The week ahead: Defense budget battle shifts to House floor

The House Armed Services Committee passed its wide-ranging $643 billion defense authorization bill early Thursday morning, but not before Republican members tacked on a number of measures guaranteed to draw fire from the White House and House Democrats. 


The authorization bill that passed the committee by a 56-5 vote authorizes initial planning for an East Coast missile defense site, bans same-sex marriage ceremonies on military bases and restores funding for several weapons systems. 

Reps. Chellie Pingree (D-Maine), John GaramendiJohn Raymond GaramendiWuhan is the final straw: The world needs to divest from China GOP seizes on 'defund the police' to galvanize base Peace Corps faces uncertain future with no volunteers in field MORE (D-Calif.), Jackie Speier (D-Calif), Hank Johnson (D-Ga.) and Tim Ryan (D-Ohio) voted against passage of the committee's version of the defense bill. 

But panel members did not weigh in on the detention of terror suspects by the United States and on the White House's withdrawal plan in Afghanistan. 

Rep. Adam SmithDavid (Adam) Adam Smith40 groups call on House panel to investigate Pentagon's use of coronavirus funds When 'Buy American' and common sense collide Overnight Defense: Marine Corps brushes off criticism of Marines' appearance in GOP convention video | US troops injured in collision with Russian vehicle in Syria | Dems ask for probe of Vindman retaliation allegations MORE (D-Wash.), the committee's ranking member, plans to introduce standalone amendments on both of those issues once the full House takes up the committee's bill for a vote. 

Smith previewed the amendments he plans to put forward during Wednesday’s markup of the defense bill.

One amendment would accelerate the U.S. handover of all security operations in Afghanistan to the country's burgeoning armed forces. To date, U.S. military leaders have only handed over control of detainee operations and oversight of night raids to the Afghan security forces.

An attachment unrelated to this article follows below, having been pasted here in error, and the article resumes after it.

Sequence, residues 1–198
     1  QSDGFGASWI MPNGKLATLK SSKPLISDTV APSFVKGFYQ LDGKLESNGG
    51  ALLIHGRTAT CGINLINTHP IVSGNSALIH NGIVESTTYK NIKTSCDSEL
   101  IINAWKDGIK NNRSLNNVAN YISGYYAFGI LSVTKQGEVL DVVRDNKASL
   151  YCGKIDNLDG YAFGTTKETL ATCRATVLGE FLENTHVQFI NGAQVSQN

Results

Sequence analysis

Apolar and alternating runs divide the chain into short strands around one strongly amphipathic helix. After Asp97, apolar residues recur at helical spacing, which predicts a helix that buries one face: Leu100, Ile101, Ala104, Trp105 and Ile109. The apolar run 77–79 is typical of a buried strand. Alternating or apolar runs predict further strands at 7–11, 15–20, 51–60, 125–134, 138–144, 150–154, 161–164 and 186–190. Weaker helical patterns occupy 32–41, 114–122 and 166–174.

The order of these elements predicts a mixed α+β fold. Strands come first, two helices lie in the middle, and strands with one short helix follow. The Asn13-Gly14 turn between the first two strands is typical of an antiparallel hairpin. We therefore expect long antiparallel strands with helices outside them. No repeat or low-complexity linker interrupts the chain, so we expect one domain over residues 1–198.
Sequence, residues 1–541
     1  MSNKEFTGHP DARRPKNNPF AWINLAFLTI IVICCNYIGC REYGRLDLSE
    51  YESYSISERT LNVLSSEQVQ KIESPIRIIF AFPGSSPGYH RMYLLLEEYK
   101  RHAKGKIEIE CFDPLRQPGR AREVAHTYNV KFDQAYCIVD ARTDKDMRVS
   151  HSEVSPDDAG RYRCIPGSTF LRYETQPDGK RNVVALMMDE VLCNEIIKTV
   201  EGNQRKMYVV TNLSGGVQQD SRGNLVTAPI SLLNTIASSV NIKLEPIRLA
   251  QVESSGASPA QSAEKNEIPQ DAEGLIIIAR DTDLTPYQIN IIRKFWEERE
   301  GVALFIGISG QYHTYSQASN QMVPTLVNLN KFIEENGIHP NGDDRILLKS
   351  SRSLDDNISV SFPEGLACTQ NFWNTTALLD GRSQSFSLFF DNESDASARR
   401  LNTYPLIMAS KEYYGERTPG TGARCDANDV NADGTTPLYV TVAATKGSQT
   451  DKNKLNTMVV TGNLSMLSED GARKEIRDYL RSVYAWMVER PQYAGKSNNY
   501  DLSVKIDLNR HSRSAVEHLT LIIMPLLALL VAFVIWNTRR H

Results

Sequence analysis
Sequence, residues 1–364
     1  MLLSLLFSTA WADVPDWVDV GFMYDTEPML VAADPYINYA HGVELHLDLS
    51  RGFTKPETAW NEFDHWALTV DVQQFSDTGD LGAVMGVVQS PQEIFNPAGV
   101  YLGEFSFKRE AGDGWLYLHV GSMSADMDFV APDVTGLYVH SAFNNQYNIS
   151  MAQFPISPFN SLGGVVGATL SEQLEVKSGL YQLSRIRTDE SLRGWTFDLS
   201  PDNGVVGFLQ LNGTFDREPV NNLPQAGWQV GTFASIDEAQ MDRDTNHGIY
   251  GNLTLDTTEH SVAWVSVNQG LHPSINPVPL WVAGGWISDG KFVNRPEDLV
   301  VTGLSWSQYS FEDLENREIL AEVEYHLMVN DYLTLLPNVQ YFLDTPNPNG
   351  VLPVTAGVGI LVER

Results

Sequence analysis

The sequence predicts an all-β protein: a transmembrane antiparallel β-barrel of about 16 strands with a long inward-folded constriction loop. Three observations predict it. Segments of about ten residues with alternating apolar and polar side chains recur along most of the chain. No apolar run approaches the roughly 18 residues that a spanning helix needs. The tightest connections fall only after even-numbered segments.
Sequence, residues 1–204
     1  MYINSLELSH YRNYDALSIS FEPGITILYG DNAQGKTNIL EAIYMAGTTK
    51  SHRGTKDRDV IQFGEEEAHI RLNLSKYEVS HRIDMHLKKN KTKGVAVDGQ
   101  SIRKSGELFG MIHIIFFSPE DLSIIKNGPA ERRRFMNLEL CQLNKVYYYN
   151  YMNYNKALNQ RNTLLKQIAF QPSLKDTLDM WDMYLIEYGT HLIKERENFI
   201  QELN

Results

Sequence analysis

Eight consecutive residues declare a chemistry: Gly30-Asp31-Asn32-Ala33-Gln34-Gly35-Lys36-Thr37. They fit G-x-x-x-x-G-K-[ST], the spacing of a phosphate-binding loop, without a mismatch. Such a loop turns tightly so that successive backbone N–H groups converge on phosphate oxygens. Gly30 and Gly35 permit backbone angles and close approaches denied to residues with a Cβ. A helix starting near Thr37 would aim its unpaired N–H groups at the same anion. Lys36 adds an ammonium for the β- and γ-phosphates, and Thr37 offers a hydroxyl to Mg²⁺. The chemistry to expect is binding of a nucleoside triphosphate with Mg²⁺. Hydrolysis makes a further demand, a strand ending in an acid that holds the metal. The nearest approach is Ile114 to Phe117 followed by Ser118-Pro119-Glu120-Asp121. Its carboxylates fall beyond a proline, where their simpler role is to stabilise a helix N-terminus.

The amendment will also likely call for a smaller number of American troops in country in the run-up to the Obama administration's 2014 withdrawal deadline. 

The White House anticipates having 68,000 U.S. troops in Afghanistan until 2014, which is when all American and coalition soldiers are scheduled to leave the country.

Another amendment from Smith will look to roll back the White House's authority to arrest and indefinitely detain terror suspects captured on American soil. 

"Keeping this [authority] on the books is a dangerous threat to civil liberties," he said Wednesday.

Smith proposed similar amendments to the House defense committee early Thursday morning, but withdrew them quickly, saying he planned to bring them back up once the committee's mark hit the House floor. 

On the Senate side, defense lawmakers have no hearings scheduled as they prepare to mark up their version of the fiscal 2013 defense bill. 

Senate defense subcommittee hearings are scheduled to begin on May 22, with the Seapower subpanel going first, followed by the Readiness subcommittee, the Emerging Threats and Capabilities panel and finally the Airland and Personnel subcommittees. 

Members of the Strategic Forces will mark up their portion of the bill on May 23, before the full committee weighs in on the legislation later that day. Panel members plan to have the Senate version of the bill wrapped up on May 24. 

Off Capitol Hill, Sen. John McCainJohn Sidney McCainAnalysis: Biden victory, Democratic sweep would bring biggest boost to economy The Memo: Trump's strengths complicate election picture Mark Kelly: Arizona Senate race winner should be sworn in 'promptly' MORE (R-Ariz.) will weigh in on the Pentagon's strategic shift from the Middle East to the Asia-Pacific region during a speech on Monday at the Center for International and Strategic Studies. 

Former DOD policy chief Michele Flournoy will give her thoughts during a Tuesday speech at the American Enterprise Institute on what lies ahead for the Pentagon's budget plan and how looming budget cuts will affect U.S. national security policy. 

Air Force Chief of Staff Gen. Norton Schwartz and Chief of Naval Operations Adm. Jonathan Greenert on Wednesday will discuss the Pentagon's attempt to draft new joint doctrine blending air and sea operations — known as the AirSea Battle plan — at the Brookings Institute. 

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